The competition encourages excellence and potential within the Company and throughout the summer English National Ballet’s artistic, music, administrative staff and Principal dancers have been voting for their favourite Emerging Dancer. The Competition, artistically directed by Associate Artist George Williamson, will see one dancer crowned as Emerging Dancer 2013 and will be announced at the end of the evening together with the recipient of The People’s Choice Award, which is voted for by members of the public.

Last year’s (2012) Emerging Dancer Award was won by young dancer Yonah Acosta who received rave reviews for performing Le Jeune Homme et la Mort and then went on to perform at Dance Salad in Houston. As well as the accolade of the title, the Emerging Dancer winner receives £2,500, the People’s Choice Award winner receives £1,000 and all nominees receive £500 each.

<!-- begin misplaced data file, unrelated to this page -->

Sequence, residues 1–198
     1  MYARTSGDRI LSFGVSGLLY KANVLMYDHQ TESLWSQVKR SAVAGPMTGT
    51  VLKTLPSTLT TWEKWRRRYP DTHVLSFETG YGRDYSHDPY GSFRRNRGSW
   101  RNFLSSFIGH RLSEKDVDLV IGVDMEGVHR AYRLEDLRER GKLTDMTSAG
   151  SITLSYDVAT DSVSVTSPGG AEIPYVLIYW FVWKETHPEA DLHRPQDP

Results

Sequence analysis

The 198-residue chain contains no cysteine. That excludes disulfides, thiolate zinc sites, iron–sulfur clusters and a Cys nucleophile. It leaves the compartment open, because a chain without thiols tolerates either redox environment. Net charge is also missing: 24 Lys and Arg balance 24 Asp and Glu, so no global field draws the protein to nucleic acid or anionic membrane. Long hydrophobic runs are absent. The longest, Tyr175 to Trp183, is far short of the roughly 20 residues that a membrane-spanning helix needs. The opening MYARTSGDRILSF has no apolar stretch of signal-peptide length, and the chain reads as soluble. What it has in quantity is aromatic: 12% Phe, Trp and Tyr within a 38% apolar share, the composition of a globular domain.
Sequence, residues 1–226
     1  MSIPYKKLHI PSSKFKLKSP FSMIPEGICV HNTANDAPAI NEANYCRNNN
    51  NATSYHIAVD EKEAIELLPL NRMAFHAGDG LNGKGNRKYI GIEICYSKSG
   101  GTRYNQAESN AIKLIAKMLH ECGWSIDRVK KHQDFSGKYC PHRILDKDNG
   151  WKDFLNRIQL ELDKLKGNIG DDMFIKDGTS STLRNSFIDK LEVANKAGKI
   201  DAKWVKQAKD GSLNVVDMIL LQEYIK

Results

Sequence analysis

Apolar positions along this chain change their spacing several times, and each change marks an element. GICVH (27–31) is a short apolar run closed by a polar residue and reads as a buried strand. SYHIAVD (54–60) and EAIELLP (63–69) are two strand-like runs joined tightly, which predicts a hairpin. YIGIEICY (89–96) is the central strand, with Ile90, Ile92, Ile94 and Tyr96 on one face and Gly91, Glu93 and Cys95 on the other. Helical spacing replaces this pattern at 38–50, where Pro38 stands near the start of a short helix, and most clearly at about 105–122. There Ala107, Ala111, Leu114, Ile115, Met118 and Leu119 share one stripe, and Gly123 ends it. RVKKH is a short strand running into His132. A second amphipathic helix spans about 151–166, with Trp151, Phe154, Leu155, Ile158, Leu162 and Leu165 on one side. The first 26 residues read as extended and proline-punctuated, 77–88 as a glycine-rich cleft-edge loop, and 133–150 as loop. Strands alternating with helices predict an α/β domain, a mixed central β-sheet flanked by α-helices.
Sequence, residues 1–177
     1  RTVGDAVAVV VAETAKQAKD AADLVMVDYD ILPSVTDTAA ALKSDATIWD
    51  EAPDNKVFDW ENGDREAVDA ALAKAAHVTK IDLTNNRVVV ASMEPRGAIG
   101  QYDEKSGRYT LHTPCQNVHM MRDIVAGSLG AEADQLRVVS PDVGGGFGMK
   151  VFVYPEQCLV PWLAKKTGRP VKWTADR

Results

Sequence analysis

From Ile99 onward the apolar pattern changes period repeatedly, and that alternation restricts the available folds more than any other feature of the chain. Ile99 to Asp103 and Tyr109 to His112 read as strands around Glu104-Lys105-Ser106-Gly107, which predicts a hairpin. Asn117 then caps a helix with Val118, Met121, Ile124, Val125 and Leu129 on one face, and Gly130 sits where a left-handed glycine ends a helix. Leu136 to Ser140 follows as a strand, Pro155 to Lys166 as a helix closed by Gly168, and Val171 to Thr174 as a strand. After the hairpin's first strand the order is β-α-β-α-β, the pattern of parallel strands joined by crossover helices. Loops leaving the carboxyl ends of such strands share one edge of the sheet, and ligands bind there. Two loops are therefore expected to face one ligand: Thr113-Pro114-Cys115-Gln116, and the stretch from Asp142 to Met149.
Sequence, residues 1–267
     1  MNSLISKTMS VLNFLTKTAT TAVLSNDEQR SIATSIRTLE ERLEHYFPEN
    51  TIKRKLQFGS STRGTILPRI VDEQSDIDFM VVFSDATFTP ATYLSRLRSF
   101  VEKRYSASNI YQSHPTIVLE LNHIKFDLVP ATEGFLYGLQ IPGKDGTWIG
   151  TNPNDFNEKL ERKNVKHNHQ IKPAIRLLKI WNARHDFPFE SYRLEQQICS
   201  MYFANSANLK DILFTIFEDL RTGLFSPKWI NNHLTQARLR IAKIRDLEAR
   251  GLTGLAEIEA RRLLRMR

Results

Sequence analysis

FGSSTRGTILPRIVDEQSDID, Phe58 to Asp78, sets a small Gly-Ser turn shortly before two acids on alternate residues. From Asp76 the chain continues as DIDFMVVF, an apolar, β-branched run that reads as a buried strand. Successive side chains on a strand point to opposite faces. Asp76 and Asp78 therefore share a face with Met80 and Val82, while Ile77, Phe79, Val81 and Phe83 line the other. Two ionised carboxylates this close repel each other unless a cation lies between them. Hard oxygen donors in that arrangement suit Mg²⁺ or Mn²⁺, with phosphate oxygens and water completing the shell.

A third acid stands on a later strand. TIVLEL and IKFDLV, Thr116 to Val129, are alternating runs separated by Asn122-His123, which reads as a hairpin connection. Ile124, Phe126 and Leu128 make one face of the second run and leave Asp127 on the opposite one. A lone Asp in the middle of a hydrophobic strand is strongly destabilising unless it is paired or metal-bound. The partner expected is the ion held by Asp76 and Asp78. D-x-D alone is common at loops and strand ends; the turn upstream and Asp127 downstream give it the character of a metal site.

At a time when the Arts Council is reducing its funding, Talbot Hughes McKillop’s sponsorship of the award is a practical demonstration of its belief that business has a clear responsibility to engage constructively in providing support to the arts.

Paul Horn, Managing Partner, Talbot Hughes McKillop commented: “Talbot Hughes McKillop are proud to be invited to continue as sponsors of the Emerging Dancer Award 2013. Talbot Hughes McKillop and English National Ballet share a mutual commitment to delivering outstanding quality at the highest levels of performance and professionalism. Our sponsorship of the Emerging Dancer Award since 2010 has successfully enhanced the profile of the nominees, allowing individuals to flourish and start to achieve their potential.”